mindful conversation

I’m reading Chade-Meng Tan’s Search Inside Yourself: The unexpected path to achieving success, happiness (and world peace). Meng, who was employee #107 at Google and now leads the Search Inside Yourself Institute, combines mindfulness practice with emotional intelligence.

Chapter 3 is all about taking your meditation practice off the cushion. I’ve written briefly about this before – the point of meditating is to practice for your life. Meng says it another way: meditation becomes life-changing when you can bring up the calm and clear mind on demand. He says we can generalize mindfulness by taking it from self to others and from rest to activity.

Chapter three takes the reader through mindful conversation, walking meditation, tips for sustaining your practice beyond the beginning, joyful meditation, mastering focused and open attention, and how creating that clear, joyful mind on demand actually happens in practice.

mindful conversation

There are three components of mindful conversation.

Mindful listening

This is just like sitting meditation, except you bring your full attention to the person you’re listening to rather than your own breath. When your attention wanders, gently guide it back. You also try to refrain from speaking beyond acknowledging what the other person is saying. You’re giving them the airtime they deserve.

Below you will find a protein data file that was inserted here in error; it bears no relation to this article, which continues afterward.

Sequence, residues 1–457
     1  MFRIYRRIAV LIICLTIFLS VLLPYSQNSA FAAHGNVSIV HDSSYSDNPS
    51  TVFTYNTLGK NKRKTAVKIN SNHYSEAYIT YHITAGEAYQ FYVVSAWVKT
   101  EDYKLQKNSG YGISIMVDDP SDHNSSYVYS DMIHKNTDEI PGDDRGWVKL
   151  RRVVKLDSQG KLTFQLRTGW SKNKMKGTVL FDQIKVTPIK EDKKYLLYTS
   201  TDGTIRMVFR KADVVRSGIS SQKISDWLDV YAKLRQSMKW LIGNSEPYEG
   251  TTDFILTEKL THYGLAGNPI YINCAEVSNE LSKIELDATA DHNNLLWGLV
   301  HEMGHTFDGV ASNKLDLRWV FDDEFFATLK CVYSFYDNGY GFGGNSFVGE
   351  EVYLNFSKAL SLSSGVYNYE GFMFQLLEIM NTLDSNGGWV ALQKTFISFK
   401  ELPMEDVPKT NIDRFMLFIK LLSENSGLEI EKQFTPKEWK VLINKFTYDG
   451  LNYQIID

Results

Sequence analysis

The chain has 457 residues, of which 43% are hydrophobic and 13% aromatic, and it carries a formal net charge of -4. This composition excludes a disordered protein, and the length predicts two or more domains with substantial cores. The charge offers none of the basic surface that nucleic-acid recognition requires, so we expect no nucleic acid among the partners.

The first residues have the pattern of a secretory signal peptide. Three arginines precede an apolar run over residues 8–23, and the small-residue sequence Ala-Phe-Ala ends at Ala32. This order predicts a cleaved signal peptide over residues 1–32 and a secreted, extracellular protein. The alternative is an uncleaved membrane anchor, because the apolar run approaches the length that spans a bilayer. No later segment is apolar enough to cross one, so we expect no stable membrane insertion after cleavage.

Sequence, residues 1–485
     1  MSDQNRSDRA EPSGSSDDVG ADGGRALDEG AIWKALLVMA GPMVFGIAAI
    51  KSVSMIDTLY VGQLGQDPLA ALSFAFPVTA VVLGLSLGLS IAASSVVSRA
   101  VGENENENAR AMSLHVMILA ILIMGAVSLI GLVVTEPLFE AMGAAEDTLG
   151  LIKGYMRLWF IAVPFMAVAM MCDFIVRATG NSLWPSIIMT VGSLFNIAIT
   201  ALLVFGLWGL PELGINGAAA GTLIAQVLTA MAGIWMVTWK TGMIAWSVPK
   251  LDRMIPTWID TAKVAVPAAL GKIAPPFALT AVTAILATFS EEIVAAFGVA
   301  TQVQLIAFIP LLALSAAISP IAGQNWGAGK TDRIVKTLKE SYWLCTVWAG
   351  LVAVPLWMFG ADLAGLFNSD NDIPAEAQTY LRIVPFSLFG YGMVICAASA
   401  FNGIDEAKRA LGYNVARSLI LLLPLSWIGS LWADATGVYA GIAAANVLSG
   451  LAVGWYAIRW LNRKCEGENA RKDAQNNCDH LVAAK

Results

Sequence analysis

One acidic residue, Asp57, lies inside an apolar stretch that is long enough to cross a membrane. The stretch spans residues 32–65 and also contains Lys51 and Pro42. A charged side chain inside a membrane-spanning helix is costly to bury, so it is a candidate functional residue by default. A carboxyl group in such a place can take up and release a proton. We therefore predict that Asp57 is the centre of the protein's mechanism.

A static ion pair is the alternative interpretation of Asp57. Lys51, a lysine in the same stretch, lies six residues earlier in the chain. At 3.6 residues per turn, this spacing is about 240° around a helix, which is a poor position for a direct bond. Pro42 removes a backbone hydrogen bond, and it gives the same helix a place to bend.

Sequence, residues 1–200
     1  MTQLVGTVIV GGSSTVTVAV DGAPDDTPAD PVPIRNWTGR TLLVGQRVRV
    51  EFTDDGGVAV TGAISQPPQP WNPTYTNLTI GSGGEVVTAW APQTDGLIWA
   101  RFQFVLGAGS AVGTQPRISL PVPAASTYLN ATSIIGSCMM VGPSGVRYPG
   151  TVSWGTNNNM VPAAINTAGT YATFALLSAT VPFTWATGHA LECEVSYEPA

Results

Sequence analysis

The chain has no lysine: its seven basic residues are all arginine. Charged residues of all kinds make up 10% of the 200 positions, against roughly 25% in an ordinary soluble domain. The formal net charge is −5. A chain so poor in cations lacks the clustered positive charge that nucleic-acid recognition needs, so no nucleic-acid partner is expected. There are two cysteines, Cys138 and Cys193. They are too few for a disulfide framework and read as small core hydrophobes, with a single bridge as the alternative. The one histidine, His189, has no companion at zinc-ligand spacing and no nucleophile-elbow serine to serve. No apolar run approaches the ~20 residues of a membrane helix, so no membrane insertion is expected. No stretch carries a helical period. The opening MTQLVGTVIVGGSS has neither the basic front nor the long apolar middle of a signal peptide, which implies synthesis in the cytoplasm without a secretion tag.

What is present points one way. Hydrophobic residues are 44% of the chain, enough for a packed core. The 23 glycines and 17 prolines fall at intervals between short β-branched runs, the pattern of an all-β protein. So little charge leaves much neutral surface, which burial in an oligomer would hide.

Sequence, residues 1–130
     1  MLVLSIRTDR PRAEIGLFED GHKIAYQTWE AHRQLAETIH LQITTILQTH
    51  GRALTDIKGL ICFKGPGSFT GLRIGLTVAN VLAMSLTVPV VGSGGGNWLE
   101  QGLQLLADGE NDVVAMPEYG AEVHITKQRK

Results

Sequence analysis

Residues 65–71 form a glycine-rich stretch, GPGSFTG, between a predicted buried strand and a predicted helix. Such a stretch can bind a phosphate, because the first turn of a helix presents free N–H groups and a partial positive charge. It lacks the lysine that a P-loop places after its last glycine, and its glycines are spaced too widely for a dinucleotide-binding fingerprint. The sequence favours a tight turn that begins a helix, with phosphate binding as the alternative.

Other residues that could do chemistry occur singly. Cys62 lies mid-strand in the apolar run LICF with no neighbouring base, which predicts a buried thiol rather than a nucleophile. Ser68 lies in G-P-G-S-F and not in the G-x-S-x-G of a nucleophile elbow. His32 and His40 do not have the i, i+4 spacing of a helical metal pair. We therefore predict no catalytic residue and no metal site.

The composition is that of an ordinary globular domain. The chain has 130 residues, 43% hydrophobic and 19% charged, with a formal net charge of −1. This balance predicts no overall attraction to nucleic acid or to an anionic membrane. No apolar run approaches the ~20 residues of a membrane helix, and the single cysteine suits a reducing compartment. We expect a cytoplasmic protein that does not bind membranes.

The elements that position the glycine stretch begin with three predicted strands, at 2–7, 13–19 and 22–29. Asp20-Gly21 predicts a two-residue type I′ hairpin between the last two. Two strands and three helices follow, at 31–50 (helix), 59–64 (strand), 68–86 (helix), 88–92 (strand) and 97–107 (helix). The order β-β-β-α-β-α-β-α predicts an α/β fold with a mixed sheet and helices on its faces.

Listening is magic: it turns a person from an object outside, opaque or dimly threatening, into an intimate experience, and therefore into a friend. In this way, listening softens and transforms the listener.

– Norman Fischer


Short for closing the loop of communication.

Let’s say there are two people involved in this conversation – Allen and Becky – and it is Allen’s turn to speak. Allen speaks for awhile, and after he is done speaking, Becky loops back by saying what she thought she heard Allen say. After that, Allen gives feedback on what he thought was missing or misinterpreted. (…) Looping is a collaborative project in which both people work together to (fully understand each other).


Checking in with ourselves during the conversation.

The main reason we do not listen to others is that we get distracted by our own feelings and internal chatter, often in reaction to what the other person said. The best way to respond to these internal distractions is to notice and acknowledge them. Know they’re there, try not to judge them, and let them go if they are willing to go.

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